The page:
Monday, August 2, 2010
Apple iPhone 4 - Two Things Parents Should be Worried About
The AP released an article today titled Adult industry sees iPorn potential in new phone. You can read the article here. In summary it talks about iPhone 4's new videoconferencing feature called FaceTime and how several porn companies have already created pornography related services for it. The iPhone 4 has two cameras, one forward-facing and one backward-facing. The backward-facing phone allows you to use your iPhone to make video calls, allowing the recipient to see your face and if they have an iPhone 4, you can see theirs. Porn companies are seeing this capability as a golden opportunity to take the "1-900" concept to a new level, providing video conferencing phone sex (obviously for a per-minute fee).
Of course this revelation gives Apple heartburn since they have removed all offensive content from iTunes. Steve Jobs was quoted as saying "it is Apples mission to keep the iPhone free from pornography." I've blogged about it in the past and I think it's admirable that they put forth the effort. So you might ask, why doesn't Apple stop this new FaceTime porn? They can't. Using FaceTime is no different than making a regular phone call. Apple can't block you from calling certain numbers on your phone and that's really what you would be doing if you used FaceTime to access one of these new porn services. You're just making a phone call and turning on your camera (as is your recipient).
Undoubtedly, this new avenue to pornography is concerning but it's not Apple's fault nor is it their responsibility to control. I also think (and this might shock you) that the pornography itself isn't the greatest risk here. The greater risk is in how FaceTime works. I won't bore you with the technical details of how FaceTime functions, but know this: In order for you to use FaceTime with another person (including a porn service) they need to have your personal cell phone number AND, in order for them to use it in this fashion, you have to give them permission. Think about that...some sleazy porn company gets your personal phone number and your permission to use your phone number for their own purposes. Great idea. How long will it be before they start calling you and charging you $9.99 per minute for it? I've also read that some of these services won't be requiring a credit card to join and that for your "convenience" they will just add the charge to your next AT&T bill. At least the credit card thing will help keep some kids away but not the automatic billing.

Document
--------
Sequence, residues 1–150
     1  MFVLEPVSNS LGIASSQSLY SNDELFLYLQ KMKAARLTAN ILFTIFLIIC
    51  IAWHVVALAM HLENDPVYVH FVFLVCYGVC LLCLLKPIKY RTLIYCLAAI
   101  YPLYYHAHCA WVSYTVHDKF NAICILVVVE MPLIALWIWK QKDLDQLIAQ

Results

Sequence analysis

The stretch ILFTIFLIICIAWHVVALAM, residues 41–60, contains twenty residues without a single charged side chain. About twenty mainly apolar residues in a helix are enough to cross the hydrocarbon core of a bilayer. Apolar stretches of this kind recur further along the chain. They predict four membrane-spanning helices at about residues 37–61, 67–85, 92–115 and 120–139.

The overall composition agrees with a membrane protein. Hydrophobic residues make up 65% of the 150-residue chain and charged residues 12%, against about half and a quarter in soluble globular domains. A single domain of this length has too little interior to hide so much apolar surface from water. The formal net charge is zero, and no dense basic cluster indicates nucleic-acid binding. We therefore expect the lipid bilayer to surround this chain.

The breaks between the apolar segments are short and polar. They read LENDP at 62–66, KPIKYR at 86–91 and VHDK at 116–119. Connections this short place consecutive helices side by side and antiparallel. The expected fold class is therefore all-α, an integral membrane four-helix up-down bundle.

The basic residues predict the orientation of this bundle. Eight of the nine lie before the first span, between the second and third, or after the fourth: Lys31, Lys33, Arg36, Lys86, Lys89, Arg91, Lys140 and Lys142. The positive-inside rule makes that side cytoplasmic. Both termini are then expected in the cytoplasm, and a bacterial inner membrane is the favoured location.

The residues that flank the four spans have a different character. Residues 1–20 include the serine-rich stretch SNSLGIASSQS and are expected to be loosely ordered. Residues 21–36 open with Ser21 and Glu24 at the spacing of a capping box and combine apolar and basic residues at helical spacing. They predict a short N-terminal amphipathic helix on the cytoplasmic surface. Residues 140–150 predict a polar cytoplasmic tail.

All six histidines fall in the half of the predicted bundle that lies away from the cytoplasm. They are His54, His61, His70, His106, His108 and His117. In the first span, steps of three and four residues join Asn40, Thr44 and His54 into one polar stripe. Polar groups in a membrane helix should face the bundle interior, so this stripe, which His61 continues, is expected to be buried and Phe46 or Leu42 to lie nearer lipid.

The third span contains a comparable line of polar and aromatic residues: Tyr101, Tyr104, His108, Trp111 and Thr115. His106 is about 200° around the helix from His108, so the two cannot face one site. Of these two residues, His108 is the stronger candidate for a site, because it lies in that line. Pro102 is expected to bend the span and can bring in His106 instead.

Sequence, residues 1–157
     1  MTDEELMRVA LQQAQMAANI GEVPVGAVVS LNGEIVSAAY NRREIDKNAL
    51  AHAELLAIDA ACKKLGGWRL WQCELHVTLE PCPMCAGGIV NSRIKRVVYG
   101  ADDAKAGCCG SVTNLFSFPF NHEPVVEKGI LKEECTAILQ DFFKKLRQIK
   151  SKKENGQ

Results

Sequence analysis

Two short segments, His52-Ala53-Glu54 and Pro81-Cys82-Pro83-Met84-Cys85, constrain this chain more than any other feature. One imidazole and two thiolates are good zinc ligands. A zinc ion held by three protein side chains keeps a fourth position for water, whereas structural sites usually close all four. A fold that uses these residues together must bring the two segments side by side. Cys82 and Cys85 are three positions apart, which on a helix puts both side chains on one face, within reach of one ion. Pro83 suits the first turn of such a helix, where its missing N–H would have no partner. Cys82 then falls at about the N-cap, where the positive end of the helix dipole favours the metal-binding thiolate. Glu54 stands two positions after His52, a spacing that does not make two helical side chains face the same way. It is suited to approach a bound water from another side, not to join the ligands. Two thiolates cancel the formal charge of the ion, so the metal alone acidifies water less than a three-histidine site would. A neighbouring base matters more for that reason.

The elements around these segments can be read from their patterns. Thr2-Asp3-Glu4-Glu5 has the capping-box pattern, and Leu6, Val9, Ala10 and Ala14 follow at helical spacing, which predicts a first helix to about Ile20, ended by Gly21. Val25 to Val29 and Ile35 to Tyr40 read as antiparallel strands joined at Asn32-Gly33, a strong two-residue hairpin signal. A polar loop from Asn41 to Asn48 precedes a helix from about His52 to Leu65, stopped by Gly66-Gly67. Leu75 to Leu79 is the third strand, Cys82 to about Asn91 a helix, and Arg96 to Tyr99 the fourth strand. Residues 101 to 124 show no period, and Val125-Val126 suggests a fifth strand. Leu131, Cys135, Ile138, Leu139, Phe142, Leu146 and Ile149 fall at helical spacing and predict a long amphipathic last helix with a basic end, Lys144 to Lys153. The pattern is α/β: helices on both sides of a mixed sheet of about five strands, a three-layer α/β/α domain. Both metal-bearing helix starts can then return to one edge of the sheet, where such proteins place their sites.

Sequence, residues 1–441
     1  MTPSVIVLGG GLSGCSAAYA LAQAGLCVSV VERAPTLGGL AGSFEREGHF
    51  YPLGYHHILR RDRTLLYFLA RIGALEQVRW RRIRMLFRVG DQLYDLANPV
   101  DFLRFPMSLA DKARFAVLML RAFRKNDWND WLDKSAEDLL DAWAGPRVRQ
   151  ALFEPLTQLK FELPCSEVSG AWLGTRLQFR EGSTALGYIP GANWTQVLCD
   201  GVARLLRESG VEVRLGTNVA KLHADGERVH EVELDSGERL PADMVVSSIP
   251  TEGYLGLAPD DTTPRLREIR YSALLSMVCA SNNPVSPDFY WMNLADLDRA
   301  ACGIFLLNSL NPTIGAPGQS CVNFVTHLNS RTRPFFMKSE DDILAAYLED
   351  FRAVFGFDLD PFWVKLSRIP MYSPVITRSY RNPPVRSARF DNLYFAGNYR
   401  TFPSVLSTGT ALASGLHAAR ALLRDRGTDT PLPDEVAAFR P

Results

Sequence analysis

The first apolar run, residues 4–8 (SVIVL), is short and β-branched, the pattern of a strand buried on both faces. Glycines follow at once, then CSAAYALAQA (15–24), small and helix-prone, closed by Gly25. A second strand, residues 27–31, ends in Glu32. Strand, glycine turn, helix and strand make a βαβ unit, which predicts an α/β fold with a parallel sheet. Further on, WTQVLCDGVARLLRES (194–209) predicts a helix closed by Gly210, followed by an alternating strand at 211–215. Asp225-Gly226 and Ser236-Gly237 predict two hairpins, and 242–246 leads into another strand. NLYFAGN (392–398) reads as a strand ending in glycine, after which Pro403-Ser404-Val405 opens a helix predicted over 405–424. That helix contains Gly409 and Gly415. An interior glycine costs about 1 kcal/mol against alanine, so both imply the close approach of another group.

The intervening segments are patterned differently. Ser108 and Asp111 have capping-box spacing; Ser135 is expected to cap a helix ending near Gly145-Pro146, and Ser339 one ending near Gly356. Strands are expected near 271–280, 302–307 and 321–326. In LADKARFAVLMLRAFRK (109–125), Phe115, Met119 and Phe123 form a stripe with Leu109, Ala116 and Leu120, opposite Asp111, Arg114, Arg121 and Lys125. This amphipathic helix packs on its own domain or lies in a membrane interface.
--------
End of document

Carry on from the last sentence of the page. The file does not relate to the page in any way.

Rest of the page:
What should a responsible parent do? Again, my first question is...does your teenager really need a $400 iPhone? That being said, if they must have one, talk to them and remind them that since you pay the bills, you will discover the use of such a service. Then watch your credit card and AT&T bill for strange charges.
It was announced last week that there is already a "jailbreak" available for iPhone 4. What is a jailbreak? The iPhone is built to only download apps and content from iTunes. From the manufacturer, the iPhone does not have the capability to access apps or content from any other site. A jailbreak is a program that unlocks the iPhone, allowing it to download apps from a multitude of other sites, many of them geared toward porn or illegal purposes (like providing viruses for you to send to your enemy's phones). Between iTunes policies against offensive content and products like the Mobicip safe browser for the iPhone, it is very difficult for children to access bad stuff with the iPhone. But if they jailbreak the iPhone they have opened the door to an entire world of bad things, including apps that can undermine every parental control you have installed on their device.
Here is the scariest part. Kids can run a jailbreak extremely easily. By visiting a site that hosts such programs with the iPhone, a kid can run a jailbreak with a single touch of a button. Most jailbreak's are free and none of them require proof of age to run.
Also, I have to mention that many iPhones have been ruined by idiots downloading an "underground" app after a jailbreak, only to find that it hides a virus that fries the phone. There have also been cases where people have written underground apps that seem to be one thing (like porn) but are really collecting all of your personal info from your phone and sending it to some unsavory character. Underground apps are a really bad idea because the creators of them are accountable to no one.
What can a responsible parent do? This one is tough. Unless you are savvy enough to monitor the sites your kid visits from his/her iPhone, you are out of luck. If you do look at your child's Internet history on their iPhone, look for websites with the word "jailbreak" in the title. I won't list specific site addresses here because I don't want to enable any devious kids who might be reading. Other than that, there really isn't much you can do but check your child's phone for offensive apps. If you see something related to pornography or illegal activities, they probably have jailbreaked phone (I know, bad English but that's the official term).
You could also explain to them that a jailbreaked phone is very susceptible to damage via viruses and that if their iPhone is ruined as a result, you will not be replacing it. That might motivate them.